Review #51: Amazon Fire TV (Gen 3 - 4K HDR) ★★★★☆


Normally, whenever I get a new device, the instinct is to analyse it in depth. Unfortunately, certain constraints prevent me from doing so with the Fire TV 4K, primary of them being that I have no 4K display devices at present. However, a lot of thought had gone in to purchasing this device for a 1080p non-HDR TV, even though it is not officially available in India. So, I would like to share these thoughts along with the experience of setting it up so as to get the most out of it. Thus, this article will straddle the line between a tutorial and a review, but I have decided to classify it as the latter since this article, while being instructional, is still appraising the product.

Musing #48: Impact of Spectre/Meltdown patch (With Intel's March Microcode Update)


Spectre and Meltdown have been all over the news in the past few days. While the seriousness of the bug cannot be understated, the speculation on the performance impact of the patch, especially on older processors, has been particularly worrisome. Google and Intel have put forth some assurances, but the end result is yet to be seen.

As my desktop is equipped with the generations-old i5-3470, I have to brace for whatever performance degradation comes with the patch. Unfortunately, with ASRock having released the last BIOS update for my motherboard in 2013, one can only hope to receive an official update. For the time being, the only option is to rely on Microsoft's Windows 10 patch which only partially mitigates this issue.

Even then, it offers a first glimpse at the performance that has to be scarified in lieu of security. Intel has stated that the impact will vary based on the task and hence there is no easy way to determine the impact of the patch. I went with Cinebench R15 and CrystalDiskMark to quickly capture the impact on some everyday tasks.

As can be seen in the screenshot below, the performance impact seems to be quite significant with the post-patch score being nearly 7% lower. This is by all means a huge impact and cannot be disregarded.

Musing #53: Cluedo Champ!


Somehow, my childhood never crossed paths with Cluedo amongst the myriad of board games that helped shape it. Ironically, I watched the related movie several years back without having ever rolled the dice within Tudor mansion. I suppose the ignorance of those days, without access to mobiles and the Web, was a bliss in more ways than one. However, the competitive spirit was fostered by other familiar games as well as ones whose obscurity isn't lessened by scouring the Web.

It is never too late to start with something and hence I didn't bat an eyelid in getting the iOS version of Cluedo once I became aware of its existence earlier this week. I immediately felt like a duck in the water and soon found myself at the top of the leader board without much effort. Who knew that all those years of reading and watching whodunnits would make me such a great detective? Now, if only someone were to accept Cluedo as proof of my real-life logical reasoning skills.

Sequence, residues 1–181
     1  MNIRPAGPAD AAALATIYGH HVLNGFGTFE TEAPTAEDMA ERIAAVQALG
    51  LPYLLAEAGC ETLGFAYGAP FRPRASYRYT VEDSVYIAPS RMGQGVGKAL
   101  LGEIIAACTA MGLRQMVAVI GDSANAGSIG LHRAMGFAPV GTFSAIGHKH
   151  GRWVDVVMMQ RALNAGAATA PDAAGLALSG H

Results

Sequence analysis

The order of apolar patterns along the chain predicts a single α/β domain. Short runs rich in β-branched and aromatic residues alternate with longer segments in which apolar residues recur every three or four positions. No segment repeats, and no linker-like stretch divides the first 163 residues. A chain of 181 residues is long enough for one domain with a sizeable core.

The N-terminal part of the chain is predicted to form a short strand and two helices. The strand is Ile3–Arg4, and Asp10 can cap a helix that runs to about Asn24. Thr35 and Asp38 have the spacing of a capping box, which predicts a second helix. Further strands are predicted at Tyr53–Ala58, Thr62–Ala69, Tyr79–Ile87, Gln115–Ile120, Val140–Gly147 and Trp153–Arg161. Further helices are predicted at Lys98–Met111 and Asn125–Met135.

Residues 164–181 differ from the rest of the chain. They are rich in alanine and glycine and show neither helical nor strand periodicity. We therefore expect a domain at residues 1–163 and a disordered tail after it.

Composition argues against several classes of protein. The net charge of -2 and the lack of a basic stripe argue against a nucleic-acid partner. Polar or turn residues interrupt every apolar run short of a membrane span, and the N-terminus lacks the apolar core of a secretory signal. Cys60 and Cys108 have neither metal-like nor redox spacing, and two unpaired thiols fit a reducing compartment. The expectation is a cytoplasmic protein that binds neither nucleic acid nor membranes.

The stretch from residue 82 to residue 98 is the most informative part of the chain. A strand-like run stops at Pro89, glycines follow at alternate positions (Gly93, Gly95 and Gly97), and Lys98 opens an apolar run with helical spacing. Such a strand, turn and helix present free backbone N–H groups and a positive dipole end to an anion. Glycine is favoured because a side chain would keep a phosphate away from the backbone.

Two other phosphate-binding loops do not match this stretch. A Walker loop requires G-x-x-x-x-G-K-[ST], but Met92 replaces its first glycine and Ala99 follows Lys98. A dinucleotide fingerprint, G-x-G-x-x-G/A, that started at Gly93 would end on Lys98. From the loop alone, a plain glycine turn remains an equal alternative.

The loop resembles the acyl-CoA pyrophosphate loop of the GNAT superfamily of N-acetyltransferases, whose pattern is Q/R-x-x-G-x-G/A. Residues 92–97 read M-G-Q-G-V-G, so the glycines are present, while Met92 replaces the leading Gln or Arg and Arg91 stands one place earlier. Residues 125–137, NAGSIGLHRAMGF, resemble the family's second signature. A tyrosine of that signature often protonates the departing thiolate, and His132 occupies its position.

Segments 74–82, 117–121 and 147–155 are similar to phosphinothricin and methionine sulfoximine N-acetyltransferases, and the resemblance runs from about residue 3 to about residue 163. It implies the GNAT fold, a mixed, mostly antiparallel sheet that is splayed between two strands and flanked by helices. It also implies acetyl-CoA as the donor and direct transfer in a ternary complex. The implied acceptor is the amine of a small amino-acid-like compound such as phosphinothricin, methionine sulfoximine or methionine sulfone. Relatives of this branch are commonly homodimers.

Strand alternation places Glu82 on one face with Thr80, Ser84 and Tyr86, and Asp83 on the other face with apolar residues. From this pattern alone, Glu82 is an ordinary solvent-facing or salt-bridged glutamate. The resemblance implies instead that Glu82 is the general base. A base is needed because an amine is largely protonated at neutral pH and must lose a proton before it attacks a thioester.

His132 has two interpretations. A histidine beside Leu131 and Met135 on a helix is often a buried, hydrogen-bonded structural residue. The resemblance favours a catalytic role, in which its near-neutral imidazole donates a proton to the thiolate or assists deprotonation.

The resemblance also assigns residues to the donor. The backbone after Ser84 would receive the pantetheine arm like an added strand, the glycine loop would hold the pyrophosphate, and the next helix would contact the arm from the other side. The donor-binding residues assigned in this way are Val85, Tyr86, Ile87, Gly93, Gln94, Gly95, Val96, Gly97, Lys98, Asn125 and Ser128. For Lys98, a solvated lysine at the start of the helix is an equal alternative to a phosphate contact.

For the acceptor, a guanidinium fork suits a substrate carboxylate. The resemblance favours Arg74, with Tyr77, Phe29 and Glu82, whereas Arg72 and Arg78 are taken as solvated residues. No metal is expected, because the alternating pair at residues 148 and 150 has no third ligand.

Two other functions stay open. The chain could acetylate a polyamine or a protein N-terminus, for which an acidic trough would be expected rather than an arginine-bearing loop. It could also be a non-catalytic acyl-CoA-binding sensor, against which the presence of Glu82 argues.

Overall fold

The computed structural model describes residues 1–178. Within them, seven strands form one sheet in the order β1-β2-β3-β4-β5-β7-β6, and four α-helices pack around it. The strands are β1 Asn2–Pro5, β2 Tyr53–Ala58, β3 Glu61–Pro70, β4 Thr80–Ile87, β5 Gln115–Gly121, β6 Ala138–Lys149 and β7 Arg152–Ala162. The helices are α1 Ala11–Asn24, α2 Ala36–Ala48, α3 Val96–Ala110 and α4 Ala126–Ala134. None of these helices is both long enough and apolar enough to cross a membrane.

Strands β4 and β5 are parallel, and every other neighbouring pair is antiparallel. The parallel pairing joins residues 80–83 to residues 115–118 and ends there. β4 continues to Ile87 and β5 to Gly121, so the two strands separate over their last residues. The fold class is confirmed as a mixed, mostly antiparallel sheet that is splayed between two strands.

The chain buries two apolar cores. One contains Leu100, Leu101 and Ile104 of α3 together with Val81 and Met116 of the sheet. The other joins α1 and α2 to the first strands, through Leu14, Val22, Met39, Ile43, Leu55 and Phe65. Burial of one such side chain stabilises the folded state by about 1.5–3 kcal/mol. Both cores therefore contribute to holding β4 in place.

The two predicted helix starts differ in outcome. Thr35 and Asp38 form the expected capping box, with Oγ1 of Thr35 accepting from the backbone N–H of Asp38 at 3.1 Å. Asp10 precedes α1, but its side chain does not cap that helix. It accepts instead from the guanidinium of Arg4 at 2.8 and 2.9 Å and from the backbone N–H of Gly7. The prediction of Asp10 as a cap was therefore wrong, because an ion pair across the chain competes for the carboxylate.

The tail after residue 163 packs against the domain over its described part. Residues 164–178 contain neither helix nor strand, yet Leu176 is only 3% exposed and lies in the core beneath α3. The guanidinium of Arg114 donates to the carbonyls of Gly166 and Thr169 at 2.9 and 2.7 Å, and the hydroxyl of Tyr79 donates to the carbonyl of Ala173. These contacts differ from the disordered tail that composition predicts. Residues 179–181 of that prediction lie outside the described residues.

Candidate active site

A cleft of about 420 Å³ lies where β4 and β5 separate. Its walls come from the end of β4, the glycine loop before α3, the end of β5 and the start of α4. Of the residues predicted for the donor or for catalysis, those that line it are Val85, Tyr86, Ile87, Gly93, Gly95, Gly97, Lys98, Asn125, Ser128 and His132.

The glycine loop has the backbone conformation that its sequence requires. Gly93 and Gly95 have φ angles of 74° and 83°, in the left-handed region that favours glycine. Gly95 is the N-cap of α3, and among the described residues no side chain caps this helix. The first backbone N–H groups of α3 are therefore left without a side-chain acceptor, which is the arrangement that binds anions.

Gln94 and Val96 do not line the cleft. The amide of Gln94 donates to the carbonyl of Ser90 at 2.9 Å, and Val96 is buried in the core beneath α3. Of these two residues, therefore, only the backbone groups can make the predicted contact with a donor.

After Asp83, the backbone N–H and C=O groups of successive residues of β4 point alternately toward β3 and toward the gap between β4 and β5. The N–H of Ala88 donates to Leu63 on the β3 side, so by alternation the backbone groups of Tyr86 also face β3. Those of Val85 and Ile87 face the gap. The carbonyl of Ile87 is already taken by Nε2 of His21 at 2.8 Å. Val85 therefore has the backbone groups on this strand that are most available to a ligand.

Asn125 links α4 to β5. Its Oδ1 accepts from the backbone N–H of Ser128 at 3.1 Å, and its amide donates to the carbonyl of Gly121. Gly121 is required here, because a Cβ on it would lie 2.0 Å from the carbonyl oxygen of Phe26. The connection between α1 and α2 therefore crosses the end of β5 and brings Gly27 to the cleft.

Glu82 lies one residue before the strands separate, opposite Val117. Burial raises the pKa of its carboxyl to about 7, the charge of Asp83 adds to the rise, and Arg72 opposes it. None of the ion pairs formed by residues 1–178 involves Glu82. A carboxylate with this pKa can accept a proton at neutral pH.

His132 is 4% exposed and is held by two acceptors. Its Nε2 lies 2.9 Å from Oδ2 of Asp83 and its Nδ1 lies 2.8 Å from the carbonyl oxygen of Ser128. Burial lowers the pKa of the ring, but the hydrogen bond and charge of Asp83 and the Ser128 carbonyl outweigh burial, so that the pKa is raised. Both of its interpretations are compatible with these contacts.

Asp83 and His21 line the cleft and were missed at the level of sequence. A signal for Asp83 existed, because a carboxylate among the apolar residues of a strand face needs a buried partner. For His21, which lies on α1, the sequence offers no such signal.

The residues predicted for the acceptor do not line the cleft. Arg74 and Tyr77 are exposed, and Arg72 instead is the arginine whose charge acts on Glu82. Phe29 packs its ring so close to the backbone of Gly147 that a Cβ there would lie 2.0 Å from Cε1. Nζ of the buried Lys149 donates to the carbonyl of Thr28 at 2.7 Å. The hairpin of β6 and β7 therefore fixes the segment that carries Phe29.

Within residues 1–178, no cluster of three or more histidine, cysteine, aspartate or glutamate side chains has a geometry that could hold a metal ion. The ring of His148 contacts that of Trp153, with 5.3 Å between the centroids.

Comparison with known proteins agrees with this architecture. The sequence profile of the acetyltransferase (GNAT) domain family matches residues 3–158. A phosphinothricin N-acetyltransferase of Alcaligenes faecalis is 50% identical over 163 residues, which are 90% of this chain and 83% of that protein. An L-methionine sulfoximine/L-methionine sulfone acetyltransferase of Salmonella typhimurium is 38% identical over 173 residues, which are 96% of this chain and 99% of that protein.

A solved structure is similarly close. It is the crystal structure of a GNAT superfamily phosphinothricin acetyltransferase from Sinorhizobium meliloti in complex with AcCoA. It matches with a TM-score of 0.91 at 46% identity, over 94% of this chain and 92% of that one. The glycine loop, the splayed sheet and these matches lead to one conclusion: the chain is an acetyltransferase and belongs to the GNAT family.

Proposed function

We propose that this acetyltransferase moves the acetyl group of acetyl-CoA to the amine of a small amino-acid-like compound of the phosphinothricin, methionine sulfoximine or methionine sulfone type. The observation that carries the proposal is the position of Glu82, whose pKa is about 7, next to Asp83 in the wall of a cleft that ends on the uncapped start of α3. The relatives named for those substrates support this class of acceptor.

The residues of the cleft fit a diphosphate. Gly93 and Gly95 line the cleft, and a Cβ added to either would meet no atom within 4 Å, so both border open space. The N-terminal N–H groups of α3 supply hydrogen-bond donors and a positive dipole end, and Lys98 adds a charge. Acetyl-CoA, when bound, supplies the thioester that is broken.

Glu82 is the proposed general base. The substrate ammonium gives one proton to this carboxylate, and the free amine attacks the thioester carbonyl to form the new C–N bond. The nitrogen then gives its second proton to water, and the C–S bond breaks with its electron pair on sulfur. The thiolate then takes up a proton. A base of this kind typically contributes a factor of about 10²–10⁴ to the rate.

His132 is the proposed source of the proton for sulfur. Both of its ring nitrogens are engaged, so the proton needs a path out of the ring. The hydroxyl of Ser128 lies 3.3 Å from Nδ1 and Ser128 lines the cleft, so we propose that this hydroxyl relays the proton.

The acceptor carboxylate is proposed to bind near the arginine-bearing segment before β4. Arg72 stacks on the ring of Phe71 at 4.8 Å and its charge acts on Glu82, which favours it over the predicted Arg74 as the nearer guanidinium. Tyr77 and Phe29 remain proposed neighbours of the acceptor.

For anyone looking to jump in to the app, I would recommend it with a few riders. The good part is that the digital representation is faithful to the physical one and is certainly captivating. On the flip side, the app has more than a few game breaking bugs, the biggest one being that the murder cards are repeated when there are not many players online and bots make up the numbers (looking at you, GreenToucan838). This can prop up the score if you so wish and I encountered it at least half a dozen times; but such instances are frustrating and I wish the developers had done a better job of it.

While I enjoyed partaking in Cluedo with people around the world, I felt it best to leave at the top. I suppose the screenshot below will immortalise my tryst with Cluedo, even though I am sure that the more persistent players would have beaten it by now. Yeah, that's Scarlett you see as me. I hope that a lot of players harrowed by my existence would now breathe a sigh of relief. Just may be, I have a come back in me somewhere down the line.


Musing #52: Art Doppelgängers

This site doesn't feature a picture of me, but that doesn't imply that there can't be ones that look like me. Fortunately, Google Arts & Culture is here to identify the artistic me. Unfortunately, it couldn't do so with high confidence; the match percentage hovering between 55-65%.

It seems that the images are particularly sensitive to eye size as opening the same to varying extents produces the most variances. Perhaps, someone could just reverse engineer these images to identify the real me. However, it seems Google itself wouldn't do a great job of it as its image search failed to identify most of these paintings.


As a bonus, there was even a match of me from the opposing gender. Surprisingly, the match percentage was quite high as well (59%) in the context of things, especially as the image was not of my side face. Going by the results, I really shouldn't have much trouble in being a master of disguise.


Musing #51: The philosophical difference between Formula 1 and Formula E